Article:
Human immunodeficiency virus type (HIV) transcription is crucial for its life cycle and is primarily involved in the maintenance of viral latency. HIV transcription is regulated by both viral and cellular transcription factors. Numerous epigenetic factors, as well as transcriptional suppressor proteins, play major roles in the maintenance of transcriptional silencing of viral gene expression from the proviral DNA. Once inducible transcription factors such as nuclear factor κB are activated through extracellular signaling, viral latency is terminated and transcription from the silenced proviral DNA is initiated. Transcriptional induction by cellular factors is immediately followed by high gene expression via the function of the virus-encoded transcriptional activator Tat. Interestingly, unlike other known transcriptional activators, Tat primarily activates transcriptional elongation, rather than initiation, by interacting with and activating cellular positive transcriptional elongation factor b (P-TEFb). In this review, we describe how HIV transcription is negatively and positively regulated through its life cycle and the molecular mechanism underlying how Tat activates viral transcription. We propose a novel strategy against viral replication in which regulated transcriptional processes play important roles in determining the extent of viral replication. The structural details of how Tat interacts with P-TEFb are described, which may be useful for the development of effective and specific anti-HIV therapies.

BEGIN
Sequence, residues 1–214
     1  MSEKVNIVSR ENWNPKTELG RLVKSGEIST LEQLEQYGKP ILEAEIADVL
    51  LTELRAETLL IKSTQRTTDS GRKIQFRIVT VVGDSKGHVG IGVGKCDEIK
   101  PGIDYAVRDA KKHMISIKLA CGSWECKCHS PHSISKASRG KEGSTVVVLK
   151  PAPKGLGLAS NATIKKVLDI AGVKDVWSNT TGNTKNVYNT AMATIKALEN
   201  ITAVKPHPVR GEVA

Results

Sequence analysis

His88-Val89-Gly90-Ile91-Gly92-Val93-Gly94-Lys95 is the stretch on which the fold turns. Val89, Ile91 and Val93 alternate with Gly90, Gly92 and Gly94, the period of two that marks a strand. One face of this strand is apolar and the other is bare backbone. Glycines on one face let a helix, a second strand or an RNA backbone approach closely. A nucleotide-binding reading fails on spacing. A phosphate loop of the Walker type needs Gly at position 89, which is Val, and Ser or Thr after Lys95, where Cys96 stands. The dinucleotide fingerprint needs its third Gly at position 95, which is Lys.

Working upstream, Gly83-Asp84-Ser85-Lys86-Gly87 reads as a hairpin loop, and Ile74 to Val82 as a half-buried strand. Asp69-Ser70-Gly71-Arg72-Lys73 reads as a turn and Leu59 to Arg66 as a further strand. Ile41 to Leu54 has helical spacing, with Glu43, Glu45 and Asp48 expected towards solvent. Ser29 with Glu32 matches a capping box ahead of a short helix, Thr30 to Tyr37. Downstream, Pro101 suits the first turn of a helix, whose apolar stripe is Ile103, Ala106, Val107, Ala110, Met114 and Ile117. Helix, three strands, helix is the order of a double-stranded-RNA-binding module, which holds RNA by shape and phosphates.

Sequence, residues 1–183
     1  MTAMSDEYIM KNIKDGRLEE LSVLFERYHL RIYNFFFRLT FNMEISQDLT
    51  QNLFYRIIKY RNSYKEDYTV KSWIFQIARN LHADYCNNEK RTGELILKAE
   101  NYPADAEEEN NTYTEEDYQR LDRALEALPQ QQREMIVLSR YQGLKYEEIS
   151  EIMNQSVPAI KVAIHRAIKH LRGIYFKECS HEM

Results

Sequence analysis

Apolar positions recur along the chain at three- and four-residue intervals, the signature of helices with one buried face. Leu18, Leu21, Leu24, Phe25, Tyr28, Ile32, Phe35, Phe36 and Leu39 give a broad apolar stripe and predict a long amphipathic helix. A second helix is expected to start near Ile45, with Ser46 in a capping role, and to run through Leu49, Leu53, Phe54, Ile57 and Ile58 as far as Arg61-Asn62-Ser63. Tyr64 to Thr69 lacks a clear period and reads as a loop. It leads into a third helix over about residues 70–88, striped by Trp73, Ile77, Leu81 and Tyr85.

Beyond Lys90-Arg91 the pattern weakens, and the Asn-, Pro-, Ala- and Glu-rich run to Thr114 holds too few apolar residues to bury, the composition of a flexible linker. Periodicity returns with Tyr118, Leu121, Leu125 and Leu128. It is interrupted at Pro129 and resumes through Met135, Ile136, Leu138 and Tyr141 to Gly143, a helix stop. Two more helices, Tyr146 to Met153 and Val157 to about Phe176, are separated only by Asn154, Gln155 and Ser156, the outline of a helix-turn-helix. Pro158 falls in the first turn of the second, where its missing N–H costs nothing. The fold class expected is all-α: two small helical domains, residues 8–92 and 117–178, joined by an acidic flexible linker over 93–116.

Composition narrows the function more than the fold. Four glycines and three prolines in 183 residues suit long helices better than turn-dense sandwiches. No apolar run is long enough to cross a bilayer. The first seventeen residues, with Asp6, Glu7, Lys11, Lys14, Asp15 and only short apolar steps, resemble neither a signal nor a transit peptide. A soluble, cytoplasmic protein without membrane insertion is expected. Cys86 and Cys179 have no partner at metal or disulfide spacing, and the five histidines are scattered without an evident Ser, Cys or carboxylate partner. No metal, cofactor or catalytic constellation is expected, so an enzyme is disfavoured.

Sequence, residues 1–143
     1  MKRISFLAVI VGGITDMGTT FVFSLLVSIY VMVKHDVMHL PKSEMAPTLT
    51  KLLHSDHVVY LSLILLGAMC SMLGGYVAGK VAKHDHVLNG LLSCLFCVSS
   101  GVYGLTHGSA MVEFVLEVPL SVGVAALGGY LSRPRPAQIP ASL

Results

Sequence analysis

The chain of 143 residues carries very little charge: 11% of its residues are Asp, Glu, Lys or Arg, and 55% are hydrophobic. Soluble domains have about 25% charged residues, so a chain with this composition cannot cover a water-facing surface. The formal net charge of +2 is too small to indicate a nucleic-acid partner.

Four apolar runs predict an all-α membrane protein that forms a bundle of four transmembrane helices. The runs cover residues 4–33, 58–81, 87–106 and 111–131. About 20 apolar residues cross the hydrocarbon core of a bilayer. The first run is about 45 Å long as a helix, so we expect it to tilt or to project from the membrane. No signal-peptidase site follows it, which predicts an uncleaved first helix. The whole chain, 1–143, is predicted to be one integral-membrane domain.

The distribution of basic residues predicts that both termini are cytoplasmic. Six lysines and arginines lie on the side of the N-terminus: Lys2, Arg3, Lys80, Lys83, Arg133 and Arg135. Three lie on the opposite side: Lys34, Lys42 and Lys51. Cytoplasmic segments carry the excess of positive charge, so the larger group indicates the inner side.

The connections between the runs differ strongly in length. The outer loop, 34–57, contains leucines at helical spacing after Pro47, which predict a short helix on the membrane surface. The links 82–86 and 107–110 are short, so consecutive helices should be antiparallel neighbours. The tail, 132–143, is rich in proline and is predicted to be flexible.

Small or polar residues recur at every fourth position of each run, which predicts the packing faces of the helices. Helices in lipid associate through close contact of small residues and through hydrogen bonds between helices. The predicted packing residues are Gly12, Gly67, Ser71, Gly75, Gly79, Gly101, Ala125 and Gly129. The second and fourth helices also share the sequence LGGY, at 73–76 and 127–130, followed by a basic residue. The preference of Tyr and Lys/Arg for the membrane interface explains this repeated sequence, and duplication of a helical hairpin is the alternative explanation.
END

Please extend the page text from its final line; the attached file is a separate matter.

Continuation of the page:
Keywords: HIV transcription, P-TEFb, cyclin T1, CDK9, Tat, protein-protein interaction, PPI detection, molecular dynamics simulation.